[This is Part 3 of a five-part series by Seabrooker Barbara Burgess. The first two were “Getting to Know the Artists” and “Developing a Theme”.–Ed.]
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Part 3: Train Your Eye
Training your eye is the most subtle part of becoming a collector, yet it is the most critical. Julia Norell, the Washington D.C. collector who influenced me, can walk into a room of paintings and her eye will automatically pick out the best ones in the room. This is because she has spent her life looking at art. Even after selling 1,000 pieces of art to the Morris Museum, she went on to collect 1,000 more pieces many of which are in traveling shows today. She has been looking at art since she was 16 years old, and she is 78 today.
Training the eye is only done through years of exposure to art. Getting to the stage where you are described as someone who “has a good eye” takes time, a lot of study of the work of many artists, many conversations with dealers, collectors, and even curators, all to be able to tell a good piece from a mediocre one. It takes time to develop the ability to spot distractions in a painting that limit its effectiveness in telling a story. You will always be subject to the different tastes of many people who will disagree with your assessment of a painting. What looks good to one person, may not to another. The only person whose taste you have to please is your own. You will develop this confidence in your own taste as you advance further along the path of being a collector.
If you spend considerable periods of time studying art as well as your surroundings, you will find a subtle change takes place. First, you start to see the big picture of what the artist is trying to put forward, like an old church that needs a new roof; but the smaller details of how the artist shows the love the congregation has for this church creep up on you in more emotional ways.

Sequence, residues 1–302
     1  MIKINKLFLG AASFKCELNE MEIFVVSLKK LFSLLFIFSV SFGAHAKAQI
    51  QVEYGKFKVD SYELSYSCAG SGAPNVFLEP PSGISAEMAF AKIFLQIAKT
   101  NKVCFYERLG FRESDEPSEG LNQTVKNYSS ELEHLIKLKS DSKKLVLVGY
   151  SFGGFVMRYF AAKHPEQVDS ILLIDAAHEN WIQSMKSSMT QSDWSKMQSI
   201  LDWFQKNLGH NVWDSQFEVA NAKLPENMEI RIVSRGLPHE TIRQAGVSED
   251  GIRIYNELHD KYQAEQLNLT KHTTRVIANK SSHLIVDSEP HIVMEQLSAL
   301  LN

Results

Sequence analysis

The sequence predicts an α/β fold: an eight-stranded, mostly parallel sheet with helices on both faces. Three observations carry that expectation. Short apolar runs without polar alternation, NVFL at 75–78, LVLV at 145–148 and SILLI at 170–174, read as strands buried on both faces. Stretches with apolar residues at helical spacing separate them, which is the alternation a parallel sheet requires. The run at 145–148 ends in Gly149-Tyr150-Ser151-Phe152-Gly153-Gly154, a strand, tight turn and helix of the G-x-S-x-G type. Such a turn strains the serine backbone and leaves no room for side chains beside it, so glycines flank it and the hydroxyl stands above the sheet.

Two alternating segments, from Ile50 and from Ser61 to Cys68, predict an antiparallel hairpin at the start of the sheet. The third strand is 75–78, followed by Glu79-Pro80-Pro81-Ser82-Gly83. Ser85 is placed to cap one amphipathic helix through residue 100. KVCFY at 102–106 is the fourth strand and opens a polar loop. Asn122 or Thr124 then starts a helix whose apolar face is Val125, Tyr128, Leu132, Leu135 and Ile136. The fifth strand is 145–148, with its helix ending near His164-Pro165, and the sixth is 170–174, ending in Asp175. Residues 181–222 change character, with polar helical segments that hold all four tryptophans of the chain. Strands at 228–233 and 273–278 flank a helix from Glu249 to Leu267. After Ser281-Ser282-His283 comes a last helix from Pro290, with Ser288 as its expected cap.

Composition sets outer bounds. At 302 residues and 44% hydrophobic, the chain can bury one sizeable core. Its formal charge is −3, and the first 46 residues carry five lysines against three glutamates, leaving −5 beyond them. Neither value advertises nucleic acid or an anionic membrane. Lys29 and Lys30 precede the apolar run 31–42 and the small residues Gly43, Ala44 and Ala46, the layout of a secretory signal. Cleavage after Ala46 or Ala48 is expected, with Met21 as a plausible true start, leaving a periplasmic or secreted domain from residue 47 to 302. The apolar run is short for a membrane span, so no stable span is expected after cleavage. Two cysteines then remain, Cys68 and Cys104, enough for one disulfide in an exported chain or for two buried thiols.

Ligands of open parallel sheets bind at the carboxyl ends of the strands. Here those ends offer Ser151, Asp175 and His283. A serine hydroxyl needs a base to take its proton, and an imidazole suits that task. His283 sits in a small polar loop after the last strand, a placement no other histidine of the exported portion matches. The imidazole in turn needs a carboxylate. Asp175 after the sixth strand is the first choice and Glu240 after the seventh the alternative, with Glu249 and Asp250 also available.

Training your eye is about becoming aware of the visceral reactions you have to a painting. It’s a combination of a reaction that goes from the eye to the heart. You know when you’ve been touched by this painting because your body tells you so.
Would-be collectors worry that their taste is not ”good enough” to be at the collector level. The good news is you can train your eye to discern good art just as you can train other parts of your brain to different tasks. It takes a good amount of study, but it also requires that you become aware of the world around you. What does the beach look like to you when it is crammed with people enjoying the delights of the sun? What does the beach look like when Autumn colors are playing over the now empty sands?
Developing an eye for art is learning to discern the emotional reactions you are having to a given piece of art. It can be a very satisfying feeling indeed.
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In the next part of this series, I’ll discuss the fourth guideline on how to become an art collector; namely, Considering Your Pocketbook.